Wembley Glory That Came With A Golden Tinge

Familiar Trio In Final Spotlight

John Humphrey….the Wolves-developed full-back who went on to become a winning cup finalist elsewhere.

It’s time for a question from left field: Who are the three former Wolves players who lined up elsewhere as team-mates and played together in a winning cup final team at Wembley?

We are happy to offer this as a clue: One of them was skipper and even scored the opening goal.

And another one: One of the trio had given Wolves considerable service by then while the other two were still to land and sign in these parts.

The match in question is the 1991 final of the Zenith Data Systems Cup – the higher-division equivalent of the Sherpa Van Trophy that Wolves won three years earlier.

It was won 4-1 by Crystal Palace against Everton on April 7, some four months after Graham Turner’s Wolves – victorious in their opening assignment in the competition at Leicester – had gone out at home to Leeds in the next round.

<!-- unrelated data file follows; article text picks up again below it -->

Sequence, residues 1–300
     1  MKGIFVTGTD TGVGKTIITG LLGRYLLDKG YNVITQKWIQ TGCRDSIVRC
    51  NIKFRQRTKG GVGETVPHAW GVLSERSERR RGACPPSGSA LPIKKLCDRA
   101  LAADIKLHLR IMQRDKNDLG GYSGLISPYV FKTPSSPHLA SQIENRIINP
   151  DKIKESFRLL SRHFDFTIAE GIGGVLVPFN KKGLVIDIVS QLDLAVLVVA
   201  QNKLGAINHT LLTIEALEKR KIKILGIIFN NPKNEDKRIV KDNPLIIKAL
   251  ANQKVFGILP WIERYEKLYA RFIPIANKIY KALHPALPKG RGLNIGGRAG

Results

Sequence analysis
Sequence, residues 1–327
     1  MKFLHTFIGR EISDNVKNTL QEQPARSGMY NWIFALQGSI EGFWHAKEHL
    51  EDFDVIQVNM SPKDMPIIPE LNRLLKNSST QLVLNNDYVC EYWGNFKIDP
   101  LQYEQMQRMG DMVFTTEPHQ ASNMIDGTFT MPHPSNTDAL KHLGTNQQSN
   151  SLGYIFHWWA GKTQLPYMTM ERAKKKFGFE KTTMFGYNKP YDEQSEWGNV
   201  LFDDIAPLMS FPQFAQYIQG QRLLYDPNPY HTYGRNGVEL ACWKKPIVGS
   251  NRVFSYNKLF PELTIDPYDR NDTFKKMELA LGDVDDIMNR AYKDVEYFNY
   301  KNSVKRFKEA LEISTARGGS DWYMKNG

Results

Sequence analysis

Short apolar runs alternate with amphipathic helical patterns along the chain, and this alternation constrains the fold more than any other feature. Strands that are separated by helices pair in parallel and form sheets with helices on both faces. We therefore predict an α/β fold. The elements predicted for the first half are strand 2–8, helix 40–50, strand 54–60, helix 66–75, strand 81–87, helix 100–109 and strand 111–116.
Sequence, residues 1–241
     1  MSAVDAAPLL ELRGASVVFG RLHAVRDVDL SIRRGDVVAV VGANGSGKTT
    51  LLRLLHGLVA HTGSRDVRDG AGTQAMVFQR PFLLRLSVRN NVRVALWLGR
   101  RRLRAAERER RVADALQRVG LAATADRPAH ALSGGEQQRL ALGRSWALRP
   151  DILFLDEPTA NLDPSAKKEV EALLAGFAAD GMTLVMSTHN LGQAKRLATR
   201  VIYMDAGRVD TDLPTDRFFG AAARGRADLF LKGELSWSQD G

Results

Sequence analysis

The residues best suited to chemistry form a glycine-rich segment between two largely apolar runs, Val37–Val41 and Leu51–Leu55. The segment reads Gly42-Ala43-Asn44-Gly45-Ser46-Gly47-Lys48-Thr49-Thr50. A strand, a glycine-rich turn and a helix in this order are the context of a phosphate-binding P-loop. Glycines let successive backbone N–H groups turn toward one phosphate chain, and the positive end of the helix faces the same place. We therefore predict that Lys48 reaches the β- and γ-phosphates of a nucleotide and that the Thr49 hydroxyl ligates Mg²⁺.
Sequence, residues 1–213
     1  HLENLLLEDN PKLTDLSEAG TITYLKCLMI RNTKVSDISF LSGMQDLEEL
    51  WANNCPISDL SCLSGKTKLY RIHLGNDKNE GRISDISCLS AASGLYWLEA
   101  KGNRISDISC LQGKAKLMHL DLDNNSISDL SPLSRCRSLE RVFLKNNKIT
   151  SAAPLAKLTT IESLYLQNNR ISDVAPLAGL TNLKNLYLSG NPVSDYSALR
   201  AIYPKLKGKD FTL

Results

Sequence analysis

So, we wonder how many of our readers have already come up with the names of the Molineux-connected trio in the triumphant line-up at Wembley.

Geoff Thomas is probably the first one that springs to mind as he was still Palace captain after leading the Eagles out in an FA Cup final against Manchester United that went to a replay the previous spring.

He opened the scoring with a powerful diving header at three-quarter time but, like the original Palace-United classic, extra-time was required following a quick equaliser from Robert Warzycha.

And that was when the Londoners took full control thanks to three more goals in 15 minutes, two of them from Ian Wright, the other from John Salako.

None of which reveals the identity of the other two men we were seeking. They are defenders John Humphrey and Eric Young.

Full-back Humphrey was nicknamed ‘Tasty’ in the Palace dressing room because of his perceived good looks, having served his formative years in the game with Wolves and made 164 first-team appearances while in the West Midlands.

Eric Young on the cover of a Wolves programme in 1995-96.

Young had already achieved Wembley immortality as part of the Wimbledon side who shocked Liverpool in the 1988 FA Cup final under the management of Bobby Gould.

He was brought to Molineux by Graham Taylor in the autumn of 1995 and scored a few weeks later in a 3-2 defeat away to Palace.

Young totalled 40 senior games for Wolves, having been born in Singapore the day before Stan Cullis’s Wanderers beat Villa 1-0 in the 1960 FA Cup semi-final at The Hawthorns.

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